Body Corporate Business Update August 2017
Earthquake-prone Buildings – Legal Update
The Building (Earthquake-Prone Buildings) Amendment Act 2016 (“EPB Act”) came into force on 1 July 2017. It amends the Building Act 2004 by introducing a new nation-wide regime for identifying and managing earthquake-prone buildings (new Subpart 6A). The legislative update comes in the wake of Christchurch, Sneddon and Kaikoura earthquakes. The changes replace the previous regime, which had been in place since 2006.
The Building (Earthquake-Prone Buildings) Amendment Act 2016 attempts to balance the protection of people from harm in an earthquake, the cost of strengthening or removing buildings, and the impact on New Zealand’s built heritage. Buildings affected include all commercial and industrial unit title developments. Residential unit title developments that comprise two or more storeys about ground level, and are used for hostel, boarding house, or other accommodation, or which contain three or more household units are also affected (other residential buildings are exempt).
An earthquake-prone building (“EPB”) is one that will have its ultimate capacity exceeded by a “moderate earthquake” and if it collapsed, would cause injury or death to people in the building or nearby or would damage other property. The test, therefore, requires consideration of the strength of a building compared to a new building in the same location, and the effect of building collapse. If a building has a rating of less than 34% of new building standard (“NBS”) it will be an EPB.
The EPB Act identifies three levels of seismic risk across New Zealand. The timeframe, within which EPB must be identified, and strengthened or demolished, is determined by the seismic risk area a building is located in as follows:
Areas of seismic risk
|High||Gisborne, Napier, Hastings, Palmerston North, Wellington, Blenheim, Christchurch|
|Medium||Tauranga, Hamilton, Rotorua, New Plymouth, Whanganui, Nelson, Timaru, Invercargill|
|Low||Northland, Auckland, Oamaru, Dunedin|
Timeframes for action
|Seismic risk area
||Identification by||Seismic work within|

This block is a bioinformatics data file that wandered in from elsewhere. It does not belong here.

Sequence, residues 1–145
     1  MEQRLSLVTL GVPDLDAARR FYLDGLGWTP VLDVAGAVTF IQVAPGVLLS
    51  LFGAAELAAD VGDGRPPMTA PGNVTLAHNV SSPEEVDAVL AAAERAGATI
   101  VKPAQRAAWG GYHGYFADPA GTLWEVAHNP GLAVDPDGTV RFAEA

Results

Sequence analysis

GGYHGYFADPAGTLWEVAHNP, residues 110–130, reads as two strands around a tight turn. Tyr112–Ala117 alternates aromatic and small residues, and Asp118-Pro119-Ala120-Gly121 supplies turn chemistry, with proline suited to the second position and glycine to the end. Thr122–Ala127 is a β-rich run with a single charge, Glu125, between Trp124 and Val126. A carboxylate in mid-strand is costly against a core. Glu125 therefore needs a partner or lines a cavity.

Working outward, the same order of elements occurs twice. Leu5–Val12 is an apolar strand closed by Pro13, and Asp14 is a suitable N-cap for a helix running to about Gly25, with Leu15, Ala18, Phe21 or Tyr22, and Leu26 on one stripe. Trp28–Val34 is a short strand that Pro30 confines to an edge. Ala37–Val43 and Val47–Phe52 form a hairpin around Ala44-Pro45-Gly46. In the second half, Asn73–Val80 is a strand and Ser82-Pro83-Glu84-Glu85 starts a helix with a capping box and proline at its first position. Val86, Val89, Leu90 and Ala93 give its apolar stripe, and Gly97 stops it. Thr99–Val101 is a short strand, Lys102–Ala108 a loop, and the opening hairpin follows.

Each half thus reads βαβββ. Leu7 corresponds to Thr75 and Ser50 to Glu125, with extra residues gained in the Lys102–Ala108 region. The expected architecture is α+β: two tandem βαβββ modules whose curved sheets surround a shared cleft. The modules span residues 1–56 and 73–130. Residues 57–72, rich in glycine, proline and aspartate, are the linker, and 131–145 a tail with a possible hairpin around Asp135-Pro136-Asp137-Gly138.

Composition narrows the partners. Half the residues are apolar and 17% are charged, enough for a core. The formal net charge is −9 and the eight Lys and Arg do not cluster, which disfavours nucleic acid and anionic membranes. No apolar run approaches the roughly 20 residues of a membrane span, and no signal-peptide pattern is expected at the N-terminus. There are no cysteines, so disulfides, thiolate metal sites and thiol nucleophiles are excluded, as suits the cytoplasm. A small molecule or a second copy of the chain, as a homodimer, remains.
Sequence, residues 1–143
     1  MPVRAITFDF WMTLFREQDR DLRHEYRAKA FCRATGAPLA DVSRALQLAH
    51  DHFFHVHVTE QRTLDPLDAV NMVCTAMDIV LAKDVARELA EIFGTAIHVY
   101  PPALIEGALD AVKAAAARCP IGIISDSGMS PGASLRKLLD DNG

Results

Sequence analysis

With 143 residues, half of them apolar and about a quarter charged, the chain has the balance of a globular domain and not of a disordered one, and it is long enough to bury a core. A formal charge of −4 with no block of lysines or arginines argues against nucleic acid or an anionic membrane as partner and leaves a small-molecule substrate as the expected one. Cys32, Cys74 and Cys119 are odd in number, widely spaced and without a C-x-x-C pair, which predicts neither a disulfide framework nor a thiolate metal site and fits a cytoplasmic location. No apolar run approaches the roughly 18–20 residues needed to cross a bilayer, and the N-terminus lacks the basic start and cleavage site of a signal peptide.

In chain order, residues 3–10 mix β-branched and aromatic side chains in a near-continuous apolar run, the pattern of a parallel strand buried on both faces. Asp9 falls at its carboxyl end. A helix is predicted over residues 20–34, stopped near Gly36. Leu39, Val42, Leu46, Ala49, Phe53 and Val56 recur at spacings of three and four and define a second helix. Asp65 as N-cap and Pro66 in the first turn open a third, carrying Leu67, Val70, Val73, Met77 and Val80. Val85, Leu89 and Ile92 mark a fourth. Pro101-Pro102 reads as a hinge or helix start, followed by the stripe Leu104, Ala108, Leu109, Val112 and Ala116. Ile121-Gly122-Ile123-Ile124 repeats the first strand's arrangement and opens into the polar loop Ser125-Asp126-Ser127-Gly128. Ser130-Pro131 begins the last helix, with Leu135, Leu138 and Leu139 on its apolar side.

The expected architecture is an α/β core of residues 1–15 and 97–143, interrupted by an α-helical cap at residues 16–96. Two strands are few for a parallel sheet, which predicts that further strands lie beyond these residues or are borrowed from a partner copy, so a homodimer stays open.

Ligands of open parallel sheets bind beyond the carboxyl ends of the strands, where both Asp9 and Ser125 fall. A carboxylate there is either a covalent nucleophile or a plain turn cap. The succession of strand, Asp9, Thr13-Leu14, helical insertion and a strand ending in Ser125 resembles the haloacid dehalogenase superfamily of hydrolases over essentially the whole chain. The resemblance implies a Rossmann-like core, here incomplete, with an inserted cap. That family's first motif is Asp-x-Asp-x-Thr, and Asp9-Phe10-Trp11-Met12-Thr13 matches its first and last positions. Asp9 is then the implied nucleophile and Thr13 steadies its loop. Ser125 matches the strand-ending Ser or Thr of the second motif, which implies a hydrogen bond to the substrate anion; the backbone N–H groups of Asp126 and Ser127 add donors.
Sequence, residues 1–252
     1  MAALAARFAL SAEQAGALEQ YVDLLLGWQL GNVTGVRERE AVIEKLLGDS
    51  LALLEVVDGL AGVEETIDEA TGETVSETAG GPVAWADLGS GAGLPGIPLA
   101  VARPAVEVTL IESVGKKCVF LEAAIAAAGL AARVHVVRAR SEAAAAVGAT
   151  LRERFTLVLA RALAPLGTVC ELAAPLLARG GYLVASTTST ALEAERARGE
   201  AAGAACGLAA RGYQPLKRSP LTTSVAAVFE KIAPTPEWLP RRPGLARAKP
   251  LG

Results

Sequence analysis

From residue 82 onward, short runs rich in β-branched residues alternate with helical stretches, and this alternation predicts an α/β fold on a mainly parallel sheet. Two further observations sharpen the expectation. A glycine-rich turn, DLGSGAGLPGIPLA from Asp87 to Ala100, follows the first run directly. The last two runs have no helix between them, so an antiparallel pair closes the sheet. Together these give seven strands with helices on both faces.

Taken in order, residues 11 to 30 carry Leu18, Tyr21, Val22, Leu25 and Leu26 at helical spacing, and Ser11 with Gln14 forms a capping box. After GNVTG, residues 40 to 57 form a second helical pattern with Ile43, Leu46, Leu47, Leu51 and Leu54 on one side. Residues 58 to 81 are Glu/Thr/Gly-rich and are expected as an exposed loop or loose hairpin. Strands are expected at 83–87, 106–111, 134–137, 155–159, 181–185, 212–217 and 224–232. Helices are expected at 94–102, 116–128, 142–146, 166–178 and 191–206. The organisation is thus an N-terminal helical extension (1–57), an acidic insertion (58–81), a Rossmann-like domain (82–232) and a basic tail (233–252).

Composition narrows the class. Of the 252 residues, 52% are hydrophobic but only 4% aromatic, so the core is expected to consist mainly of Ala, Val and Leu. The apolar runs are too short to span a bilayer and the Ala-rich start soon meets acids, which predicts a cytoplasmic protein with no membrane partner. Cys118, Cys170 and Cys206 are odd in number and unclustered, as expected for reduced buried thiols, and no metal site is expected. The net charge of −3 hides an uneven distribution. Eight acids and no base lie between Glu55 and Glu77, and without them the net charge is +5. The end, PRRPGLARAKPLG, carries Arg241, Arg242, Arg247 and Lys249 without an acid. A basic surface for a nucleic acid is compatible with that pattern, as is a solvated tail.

|Priority Buildings||Other Buildings||Priority Buildings||Other Buildings|
|High||1 Jan 2020||1 July 2022||7.5 years||15 years|
|Medium||1 July 2022||1 July 2027||12.5 years||25 years|
|Low||1 July 2032||1 July 2032||35 years||35 years|
Priority buildings are:
- buildings used for emergency shelters/centres;
- buildings housing emergency response services;
- early childhood education and care centres, schools, private training establishments, and tertiary institutions for at least 20 people; and
- parts of unreinforced masonry buildings that could fall onto strategic transport routes, or areas that carry vehicles and pedestrians in numbers that justify prioritising the building.
The EPB Act requires the following actions from territorial authorities (district councils or unitary authorities like Auckland Council) and building owners:
- Territorial authorities must identify potentially EPB by applying the EPB methodology;
- Owners of buildings identified as potentially EPB must obtain engineering assessments by qualified engineers at their cost within 12 months. For a unit title development, the obligation to obtain and pay for an engineering assessment would lie with the body corporate;
- On receipt of the engineering assessment the territorial authority must determine whether building is and EPB, assign a rating (% of NBS), issue an EPB Notice, and update the register of EPB; and
- The building owner (body corporate) must display the EPB Notice on the building and carry our strengthening work or demolish the building (“seismic work”) within the specified timeframe from the date of the EPB Notice.
A building owner (body corporate) may apply for extensions/exemptions in respect of:
- the timeframe to obtain an engineering assessment by up to 12 months;
- the timeframe to complete seismic work; and
- the requirement to complete seismic work.
The EPB methodology specifies the following criteria for identifying a building as a potentially EPB:
- constructed of unreinforced masonry;
- built pre-1976 and three or more storeys above ground level; or
- built pre-1935 in the high or medium seismic risk areas (except for timber buildings).
Bodies corporate which are caught by the EPB Act are therefore obliged to obtain an engineering assessment if the building is identified as a potentially EPB. And, if the building is an EPB, must complete seismic work within the prescribed timeframe from the issue of the EPB Notice. Bodies corporate should also take care to review the disclosure requirements of their insurance policies in respect of earthquake risk.
Source: Body Corporate Business Update August 2017